New Blog Series on the Future of Minority Health and Health Disparities Research

AJPH Cover Images

By Nancy Jones, Ph.D., M.A.
Scientific Program Officer, Community Health and Population Sciences
National Institute on Minority Health and Health Disparities

AJPH Cover ImagesThis blog series includes perspectives from authors of the American Journal of Public Health supplement, New Perspectives to Advance Minority Health and Health Disparities Research. The supplement highlights strategies to stimulate research for improving minority health and closing the gap in health disparities.

In 2015, the National Institute on Minority Health and Health Disparities (NIMHD) began an initiative to create a scientific vision to transform minority health and health disparities. I served as a co-chair for one of the three pillars for the visioning process with several other NIMHD colleagues and guest editor for a supplement of the American Journal of Public Health (AJPH), entitled New Perspectives to Advance Minority Health and Health Disparities Research.

The science visioning initiative sought to do something that had not been done before: tackle health disparities across diseases. Health disparities arise from multiple upstream factors from the sociocultural and physical/built environments interacting with downstream behavioral and biological mechanisms. These pathways result in worse health outcomes for many diseases and conditions for racial/ethnic minorities and other health disparity populations. Often, scientific visioning at the National Institutes of Health (NIH) develops research strategies to address a single disease or condition. This visioning process envisioned a roadmap that can catalyze research to understand and address health disparities across multiple diseases and conditions.

Thus, NIMHD brought together experts from a range of scientific disciplines and worked with Institutes, Centers, and Offices from across NIH. The goal was to identify research strategies to be able to better measure health disparities, to fill knowledge gaps in the causes of health disparities, and to determine what types of interventions are the most likely to reduce and eventually eliminate health disparities. With input from hundreds of stakeholders, through committees, workshops, and direct public input through a request for information, 30 research strategies emerged. It is hard to convey how daunting yet energizing the visioning process was. First, it was truly awe-inspiring to appreciate the rich diversity and unparalleled passion of those who identify as minority health and health disparity researchers. As the convener, NIMHD facilitated connecting scientific experts who had never interacted before and watched them discover how their research intertwined. For example, researchers focused on early life stage mechanisms were interacting with researchers who were experts on the adult and geriatric life stages; genetic and molecular biologists interacted with population and social scientists; and mental health scientists interacted with cardiovascular disease scientists. These scientific experts and community stakeholders demonstrated determination and personal investment to bridge historical scientific silos, muck through field-specific scientific lingo, and defy self-promoting priorities to advance strategies that can provide universally applicable research findings.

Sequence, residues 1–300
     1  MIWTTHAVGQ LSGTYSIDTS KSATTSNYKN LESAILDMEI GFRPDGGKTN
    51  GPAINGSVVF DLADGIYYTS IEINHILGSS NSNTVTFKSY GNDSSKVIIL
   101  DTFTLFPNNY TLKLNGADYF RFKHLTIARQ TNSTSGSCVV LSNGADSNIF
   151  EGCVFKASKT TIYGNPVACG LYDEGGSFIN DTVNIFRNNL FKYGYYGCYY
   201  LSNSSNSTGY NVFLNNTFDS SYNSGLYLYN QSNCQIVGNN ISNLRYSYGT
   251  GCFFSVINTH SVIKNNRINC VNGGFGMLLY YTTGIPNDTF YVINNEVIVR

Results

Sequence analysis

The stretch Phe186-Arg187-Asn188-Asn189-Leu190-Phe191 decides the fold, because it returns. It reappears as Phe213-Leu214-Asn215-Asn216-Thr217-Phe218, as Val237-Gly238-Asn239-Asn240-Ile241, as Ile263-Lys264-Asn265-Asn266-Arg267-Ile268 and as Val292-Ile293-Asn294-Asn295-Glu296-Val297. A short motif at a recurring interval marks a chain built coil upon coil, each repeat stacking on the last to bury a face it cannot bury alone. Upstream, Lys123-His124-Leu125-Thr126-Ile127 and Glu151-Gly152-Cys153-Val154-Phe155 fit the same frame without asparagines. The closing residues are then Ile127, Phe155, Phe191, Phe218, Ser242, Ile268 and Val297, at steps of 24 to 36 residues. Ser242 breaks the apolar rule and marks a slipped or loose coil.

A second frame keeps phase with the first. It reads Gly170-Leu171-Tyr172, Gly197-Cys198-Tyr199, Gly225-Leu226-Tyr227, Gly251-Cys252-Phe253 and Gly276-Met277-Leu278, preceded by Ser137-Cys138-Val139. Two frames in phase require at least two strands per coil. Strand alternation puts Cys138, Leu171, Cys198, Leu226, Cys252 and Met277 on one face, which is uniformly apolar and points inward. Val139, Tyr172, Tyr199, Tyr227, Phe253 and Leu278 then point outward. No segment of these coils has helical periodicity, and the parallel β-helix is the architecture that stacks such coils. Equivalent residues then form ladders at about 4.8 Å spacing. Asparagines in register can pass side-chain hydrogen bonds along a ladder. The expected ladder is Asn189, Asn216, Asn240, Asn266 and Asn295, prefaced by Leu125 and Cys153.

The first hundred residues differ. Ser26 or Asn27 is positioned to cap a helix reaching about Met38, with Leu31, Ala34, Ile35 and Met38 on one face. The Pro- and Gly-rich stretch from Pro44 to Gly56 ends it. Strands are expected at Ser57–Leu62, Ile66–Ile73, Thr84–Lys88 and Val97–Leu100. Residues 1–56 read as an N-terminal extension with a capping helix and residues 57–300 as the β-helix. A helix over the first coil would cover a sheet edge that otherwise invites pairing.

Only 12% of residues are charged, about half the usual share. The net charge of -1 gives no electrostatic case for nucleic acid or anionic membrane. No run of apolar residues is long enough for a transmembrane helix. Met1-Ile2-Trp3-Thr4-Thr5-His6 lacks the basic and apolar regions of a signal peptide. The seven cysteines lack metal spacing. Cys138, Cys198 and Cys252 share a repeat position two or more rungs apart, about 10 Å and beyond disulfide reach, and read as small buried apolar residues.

In January 2019, 30 cross-cutting strategies were announced through the AJPH supplement. Several themes arose across the 30 strategies. Here are a few:

  • Prioritizing the crucial role that upstream social determinants, as well as racism and other forms of discrimination, play in shaping health and health disparities
  • Using system and transdisciplinary approaches necessary to address the complex, dynamic interactions of multiple multilevel determinants that result in health disparities
  • Using a life course perspective that accounts for how the lived experience across human development influences health
  • Exploring key common biological systems and pathways operating in many diseases and conditions that are influenced by social, environmental, and cultural factors
  • Examining the role that the health care system can play in addressing or exacerbating health disparities

It can be disheartening to consider how entrenched health disparities are. However, this science vision gives me hope. As we move toward celebrating a milestone year for the Institute and its predecessors in 2020, NIMHD will host a special blog post series from authors of these essays and editorials to discuss how to operationalize the vision.

Photo of Dr. Nancy Jones

Dr. Nancy Jones

My personal request is that all minority health and health disparities researchers take a few moments each month to ponder the strategies and envision how you personally can put them into action in your own research. At NIMHD, we continue to be deeply grateful for all those who took part in the visioning process, because we know the effort it required to bring the supplement to completion. But we are even more grateful for the talented, inspiring researchers who are committed to make the NIMHD vision—an America in which all populations will have an equal opportunity to live long, healthy, and productive lives—a reality.

 

 

 

 

 

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